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A disgrace for Germany

Ines Pohl
Ines Pohl
February 5, 2020

A state premier has been elected to office with direct support from the far-right nationalist AfD. The utter breach of taboo shows just how weak opposition to the rise of the right in Germany really is, says Ines Pohl.

The parliament of the German state of Thuringia
The Thuringian state parliament — the site of a memorable event Image: Reuters/R. Orlowski

Exactly one week ago, on January 29, 2020, Germany's parliament, the Bundestag, ceremoniously commemorated the victims of the Holocaust. The ceremony marked the 75th anniversary of the liberation of the Nazi death camp Auschwitz-Birkenau.

Addressing the body, Israeli President Reuven Rivlin implored Germans to never forget the past, urging them to stand firm against anti-Semitism, racism and xenophobia. Rivlin said Germans and their political parties had a special responsibility to those who cherish freedom and democratic values, as well as a unique responsibility to act in a historically responsible manner. "Germany must not fail," he said.

Read more: Israel's president joins German Parliament in remembering the Holocaust

And now, exactly one week later, this: A member of the business-friendly Free Democratic Party (FDP) has been elected premier of the eastern German state of Thuringia with help from the far-right nationalist Alternative for Germany (AfD) party.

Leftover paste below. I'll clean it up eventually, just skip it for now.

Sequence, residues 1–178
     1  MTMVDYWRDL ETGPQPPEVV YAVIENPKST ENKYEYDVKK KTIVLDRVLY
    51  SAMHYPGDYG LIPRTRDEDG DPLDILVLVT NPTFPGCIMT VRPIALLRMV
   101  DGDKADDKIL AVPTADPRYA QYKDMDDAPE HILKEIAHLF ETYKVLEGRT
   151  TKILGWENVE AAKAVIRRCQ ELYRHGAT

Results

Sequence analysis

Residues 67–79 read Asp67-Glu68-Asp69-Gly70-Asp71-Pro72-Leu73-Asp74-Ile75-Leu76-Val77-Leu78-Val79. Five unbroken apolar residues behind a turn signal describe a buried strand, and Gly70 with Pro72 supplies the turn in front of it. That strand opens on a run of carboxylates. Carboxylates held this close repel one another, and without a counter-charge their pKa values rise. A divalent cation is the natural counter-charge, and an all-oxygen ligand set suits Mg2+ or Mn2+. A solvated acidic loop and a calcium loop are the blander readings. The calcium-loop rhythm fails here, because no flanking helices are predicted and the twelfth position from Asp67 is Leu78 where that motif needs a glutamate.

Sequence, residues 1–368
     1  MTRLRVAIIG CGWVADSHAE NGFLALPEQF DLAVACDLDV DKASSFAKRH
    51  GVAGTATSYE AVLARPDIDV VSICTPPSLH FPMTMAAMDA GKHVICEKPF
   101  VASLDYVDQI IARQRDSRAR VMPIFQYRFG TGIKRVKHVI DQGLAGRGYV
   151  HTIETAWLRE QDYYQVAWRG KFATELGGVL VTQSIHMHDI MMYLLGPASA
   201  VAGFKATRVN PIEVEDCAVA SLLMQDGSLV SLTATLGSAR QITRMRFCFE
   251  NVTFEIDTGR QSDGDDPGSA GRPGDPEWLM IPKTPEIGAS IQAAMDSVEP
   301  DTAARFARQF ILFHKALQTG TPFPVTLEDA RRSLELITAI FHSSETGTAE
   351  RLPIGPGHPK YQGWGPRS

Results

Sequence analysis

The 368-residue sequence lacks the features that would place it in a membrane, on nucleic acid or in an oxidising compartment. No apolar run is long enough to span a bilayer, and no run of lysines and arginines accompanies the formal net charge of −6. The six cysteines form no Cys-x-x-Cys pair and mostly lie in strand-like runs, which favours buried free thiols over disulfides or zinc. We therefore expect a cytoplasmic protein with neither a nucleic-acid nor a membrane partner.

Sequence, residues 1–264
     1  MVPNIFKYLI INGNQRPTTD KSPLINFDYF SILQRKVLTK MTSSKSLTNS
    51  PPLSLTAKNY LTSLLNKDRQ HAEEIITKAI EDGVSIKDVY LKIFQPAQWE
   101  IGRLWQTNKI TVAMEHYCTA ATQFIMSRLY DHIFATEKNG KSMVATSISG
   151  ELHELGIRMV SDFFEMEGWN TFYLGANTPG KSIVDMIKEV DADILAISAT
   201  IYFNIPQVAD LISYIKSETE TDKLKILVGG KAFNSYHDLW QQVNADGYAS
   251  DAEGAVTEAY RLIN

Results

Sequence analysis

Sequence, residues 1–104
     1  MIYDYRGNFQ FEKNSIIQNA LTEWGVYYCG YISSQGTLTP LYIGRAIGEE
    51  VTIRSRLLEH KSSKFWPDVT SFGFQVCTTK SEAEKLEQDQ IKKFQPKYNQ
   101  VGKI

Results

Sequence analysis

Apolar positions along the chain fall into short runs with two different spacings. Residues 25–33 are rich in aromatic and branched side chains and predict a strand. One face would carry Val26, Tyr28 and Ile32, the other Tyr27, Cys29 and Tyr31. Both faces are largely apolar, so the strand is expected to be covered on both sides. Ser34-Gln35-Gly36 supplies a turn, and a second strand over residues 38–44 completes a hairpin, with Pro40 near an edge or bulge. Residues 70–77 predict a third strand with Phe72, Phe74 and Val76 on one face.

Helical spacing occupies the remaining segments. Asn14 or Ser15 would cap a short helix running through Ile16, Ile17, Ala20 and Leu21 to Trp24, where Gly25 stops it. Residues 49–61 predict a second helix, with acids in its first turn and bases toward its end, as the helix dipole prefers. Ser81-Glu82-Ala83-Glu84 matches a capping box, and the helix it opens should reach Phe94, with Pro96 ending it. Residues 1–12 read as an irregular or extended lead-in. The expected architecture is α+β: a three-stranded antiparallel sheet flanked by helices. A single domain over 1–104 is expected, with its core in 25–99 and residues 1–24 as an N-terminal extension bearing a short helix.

It was a vote that shocked Germany. One that provides ample proof that state politicians from Chancellor Angela Merkel's Christian Democratic Union (CDU) and the FDP — all of whom supported the vote — clearly do not understand their historic responsibility. It was a vote that now presents the country's democratic parties with a crucial test, one that could ultimately lead to new federal elections.

DW Editor-in-Chief Ines Pohl
DW Editor-in-Chief Ines PohlImage: DW/P. Böll

Does lust for power trump moral responsibility?

The coming weeks will show whether the oft-repeated promises made by prominent German politicians to never form a coalition with the AfD have any meaning, or whether a lust for power is stronger than their professed convictions.

Though CDU chairwoman Annegret Kramp-Karrenbauer has specifically forbidden members of Thuringia's state CDU to join a coalition with AfD, they may well do just that. So what does her clear lack of control mean?

What will Chancellor Merkel do if state party members really do join forces with AfD and its state leader Björn Höcke? The man has called Germans crazy for erecting "a monument of shame" for murdered Jews in the capital, among numerous other scandals. And what will the Social Democratic Party (SPD) do? Will it withdraw from Germany's ruling coalition, of which it is a partner, forcing new elections?

Read more: Merkel's CDU and far-right AfD may be nearing cooperation

AfD: A platform for grievances

Germans forgetting their history

This notable day should be one that shakes Germans to the core. Now, democratic parties must show how firmly they stand. And what they are willing to risk in an effort to make sure that today's shameful vote remains an anomaly.

Just days ago, German Federal President Frank-Walter Steinmeier, speaking at the Yad Vashem World Holocaust Remembrance Center, said, "National Socialism didn't fall from the sky."

This February day has shown just how much of their history Germans have forgotten, and just how much President Rivlin's warning that "Germany must not fail" has to do with all of us. It also reminds us that no one in Germany should kid themselves into thinking history cannot repeat itself. 

Ines Pohl
Ines Pohl Bureau head of DW's Washington Studio@inespohl